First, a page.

_httpClient.DeleteAsync("/state").GetAwaiter().GetResult();
}

Here we are simply calling that special endpoint that resets the state. 

Now that we have the basics set up, in the next section, we can look at writing some actual tests.

Common REST API Assertions

Since all our tests assert similar things (but different values), it’s worth creating a few helper methods for reuse.

Let’s add to our TestHelpers class two new methods:

public static async Task AssertResponseWithContentAsync<T>(Stopwatch stopwatch,
    HttpResponseMessage response, System.Net.HttpStatusCode expectedStatusCode,
    T expectedContent)
{
    AssertCommonResponseParts(stopwatch, response, expectedStatusCode);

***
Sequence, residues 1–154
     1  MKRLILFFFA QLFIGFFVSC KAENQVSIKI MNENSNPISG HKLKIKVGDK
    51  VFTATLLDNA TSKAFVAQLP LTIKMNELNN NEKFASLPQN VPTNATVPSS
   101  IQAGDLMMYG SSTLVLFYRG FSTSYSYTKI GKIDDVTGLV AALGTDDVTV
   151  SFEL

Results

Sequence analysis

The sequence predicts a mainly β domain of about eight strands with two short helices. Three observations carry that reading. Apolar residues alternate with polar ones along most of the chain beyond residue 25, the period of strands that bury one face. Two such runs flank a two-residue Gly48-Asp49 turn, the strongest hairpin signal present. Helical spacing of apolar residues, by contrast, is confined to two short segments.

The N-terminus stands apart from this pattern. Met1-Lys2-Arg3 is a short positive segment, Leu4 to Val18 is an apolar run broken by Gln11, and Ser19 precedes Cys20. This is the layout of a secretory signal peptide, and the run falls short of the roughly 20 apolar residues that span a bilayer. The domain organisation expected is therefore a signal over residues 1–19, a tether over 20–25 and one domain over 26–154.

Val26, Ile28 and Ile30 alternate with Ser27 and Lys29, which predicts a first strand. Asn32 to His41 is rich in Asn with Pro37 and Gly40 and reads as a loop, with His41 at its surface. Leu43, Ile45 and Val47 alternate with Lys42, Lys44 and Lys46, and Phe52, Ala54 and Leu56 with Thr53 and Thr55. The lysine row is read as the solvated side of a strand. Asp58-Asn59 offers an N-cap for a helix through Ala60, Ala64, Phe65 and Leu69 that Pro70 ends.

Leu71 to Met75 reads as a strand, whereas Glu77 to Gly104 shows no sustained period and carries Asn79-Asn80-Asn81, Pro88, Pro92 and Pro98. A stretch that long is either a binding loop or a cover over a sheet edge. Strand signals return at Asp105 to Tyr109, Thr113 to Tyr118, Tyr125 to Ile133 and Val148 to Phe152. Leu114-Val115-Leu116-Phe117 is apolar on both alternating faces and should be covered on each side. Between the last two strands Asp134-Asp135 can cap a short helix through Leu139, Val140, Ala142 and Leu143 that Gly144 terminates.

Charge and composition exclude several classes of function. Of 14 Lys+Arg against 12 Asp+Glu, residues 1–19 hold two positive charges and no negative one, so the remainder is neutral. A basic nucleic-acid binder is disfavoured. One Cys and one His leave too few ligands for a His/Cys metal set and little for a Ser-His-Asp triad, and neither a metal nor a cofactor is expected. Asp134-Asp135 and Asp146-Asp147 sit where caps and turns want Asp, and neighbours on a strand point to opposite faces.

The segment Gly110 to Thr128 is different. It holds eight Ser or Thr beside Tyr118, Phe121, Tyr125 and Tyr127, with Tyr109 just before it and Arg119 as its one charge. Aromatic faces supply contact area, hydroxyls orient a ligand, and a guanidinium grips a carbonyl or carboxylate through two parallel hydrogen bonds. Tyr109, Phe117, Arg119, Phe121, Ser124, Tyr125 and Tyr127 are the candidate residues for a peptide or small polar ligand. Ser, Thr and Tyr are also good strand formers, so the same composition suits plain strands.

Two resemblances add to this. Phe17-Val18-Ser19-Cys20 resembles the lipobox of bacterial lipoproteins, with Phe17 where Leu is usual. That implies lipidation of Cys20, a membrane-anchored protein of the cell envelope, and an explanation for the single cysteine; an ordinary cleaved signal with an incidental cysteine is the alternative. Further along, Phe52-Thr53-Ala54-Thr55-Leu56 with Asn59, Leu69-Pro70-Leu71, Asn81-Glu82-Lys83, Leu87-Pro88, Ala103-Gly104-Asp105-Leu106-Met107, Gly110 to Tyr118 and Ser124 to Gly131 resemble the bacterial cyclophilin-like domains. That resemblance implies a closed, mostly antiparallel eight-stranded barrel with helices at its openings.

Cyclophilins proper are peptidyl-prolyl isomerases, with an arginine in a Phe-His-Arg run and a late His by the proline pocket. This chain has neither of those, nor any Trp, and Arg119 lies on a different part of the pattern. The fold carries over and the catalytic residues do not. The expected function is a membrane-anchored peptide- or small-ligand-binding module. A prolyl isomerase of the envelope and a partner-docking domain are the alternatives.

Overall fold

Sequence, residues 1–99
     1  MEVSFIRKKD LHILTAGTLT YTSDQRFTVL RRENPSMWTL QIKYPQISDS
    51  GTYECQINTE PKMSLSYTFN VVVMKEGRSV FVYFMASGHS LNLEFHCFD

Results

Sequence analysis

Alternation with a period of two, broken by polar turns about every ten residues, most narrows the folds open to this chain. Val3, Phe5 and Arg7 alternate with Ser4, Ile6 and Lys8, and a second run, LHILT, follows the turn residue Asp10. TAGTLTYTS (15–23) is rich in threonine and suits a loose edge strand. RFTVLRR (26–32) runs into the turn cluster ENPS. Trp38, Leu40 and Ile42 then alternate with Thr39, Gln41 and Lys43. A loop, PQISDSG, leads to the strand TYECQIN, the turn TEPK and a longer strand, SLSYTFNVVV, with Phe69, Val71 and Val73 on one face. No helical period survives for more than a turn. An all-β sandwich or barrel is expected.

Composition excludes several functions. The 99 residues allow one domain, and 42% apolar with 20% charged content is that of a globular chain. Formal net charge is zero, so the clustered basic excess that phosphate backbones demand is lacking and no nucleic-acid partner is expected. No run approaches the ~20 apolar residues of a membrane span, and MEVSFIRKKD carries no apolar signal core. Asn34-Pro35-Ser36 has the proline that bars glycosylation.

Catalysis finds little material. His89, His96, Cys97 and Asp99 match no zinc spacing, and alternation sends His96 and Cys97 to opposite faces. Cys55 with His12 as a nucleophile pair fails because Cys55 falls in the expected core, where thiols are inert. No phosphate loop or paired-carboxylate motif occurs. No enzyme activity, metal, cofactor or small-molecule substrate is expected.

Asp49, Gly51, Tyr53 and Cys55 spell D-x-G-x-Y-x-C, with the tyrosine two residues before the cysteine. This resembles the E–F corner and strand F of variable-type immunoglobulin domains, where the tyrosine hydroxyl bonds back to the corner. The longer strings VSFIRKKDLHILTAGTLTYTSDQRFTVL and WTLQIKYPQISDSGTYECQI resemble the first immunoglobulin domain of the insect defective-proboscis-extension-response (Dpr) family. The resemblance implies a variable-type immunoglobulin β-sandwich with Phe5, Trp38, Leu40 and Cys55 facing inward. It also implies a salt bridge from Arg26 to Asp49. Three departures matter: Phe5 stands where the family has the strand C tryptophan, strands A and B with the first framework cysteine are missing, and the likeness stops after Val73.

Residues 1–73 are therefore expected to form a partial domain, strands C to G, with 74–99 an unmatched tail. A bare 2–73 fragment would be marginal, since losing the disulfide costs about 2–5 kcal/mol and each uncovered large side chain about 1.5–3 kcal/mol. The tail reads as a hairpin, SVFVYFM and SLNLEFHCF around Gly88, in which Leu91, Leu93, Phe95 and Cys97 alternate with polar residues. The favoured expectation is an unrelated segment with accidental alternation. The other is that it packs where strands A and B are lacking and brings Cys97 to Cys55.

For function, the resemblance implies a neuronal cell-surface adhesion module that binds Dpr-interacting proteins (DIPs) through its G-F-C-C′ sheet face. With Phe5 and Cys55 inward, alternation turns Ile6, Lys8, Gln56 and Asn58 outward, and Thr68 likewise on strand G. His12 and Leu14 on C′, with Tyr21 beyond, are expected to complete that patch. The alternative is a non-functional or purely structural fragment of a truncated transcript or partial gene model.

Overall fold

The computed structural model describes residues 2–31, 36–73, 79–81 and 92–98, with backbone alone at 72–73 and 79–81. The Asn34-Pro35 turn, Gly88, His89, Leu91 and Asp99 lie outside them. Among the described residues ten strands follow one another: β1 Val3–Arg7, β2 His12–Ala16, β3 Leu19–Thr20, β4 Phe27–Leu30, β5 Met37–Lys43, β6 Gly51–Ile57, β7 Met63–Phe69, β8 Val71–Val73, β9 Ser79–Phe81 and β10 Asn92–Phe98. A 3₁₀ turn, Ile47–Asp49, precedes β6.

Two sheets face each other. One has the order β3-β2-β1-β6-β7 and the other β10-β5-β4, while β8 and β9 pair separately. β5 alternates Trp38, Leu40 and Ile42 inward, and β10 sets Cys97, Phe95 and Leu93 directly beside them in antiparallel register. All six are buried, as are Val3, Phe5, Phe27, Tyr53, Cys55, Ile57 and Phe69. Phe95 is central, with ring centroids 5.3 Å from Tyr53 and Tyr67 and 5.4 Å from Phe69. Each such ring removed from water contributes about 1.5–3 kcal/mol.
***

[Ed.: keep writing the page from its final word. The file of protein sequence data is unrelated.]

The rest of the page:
Assert.Equal(_jsonMediaType, response.Content.Headers.ContentType?.MediaType);
    Assert.Equal(expectedContent, await JsonSerializer.DeserializeAsync<T?>(
        await response.Content.ReadAsStreamAsync(), _jsonSerializerOptions));
}

private static void AssertCommonResponseParts(Stopwatch stopwatch,
    HttpResponseMessage response, System.Net.HttpStatusCode expectedStatusCode)
{
    Assert.Equal(expectedStatusCode, response.StatusCode);
    Assert.True(stopwatch.ElapsedMilliseconds < _expectedMaxElapsedMilliseconds);
}

public static StringContent GetJsonStringContent<T>(T model)
    => new(JsonSerializer.Serialize(model), Encoding.UTF8, _jsonMediaType);

The second method AssertCommonResponsePartschecks the status code is what is expected and also checks the ElapsedMilliseconds on a provided stopwatch which helps with our performance assertions.

The first method AssertResponseWithContentAsyncchecks the content type is JSON, deserializes it into the supplied type parameter, then calls into the second method for the other assertions.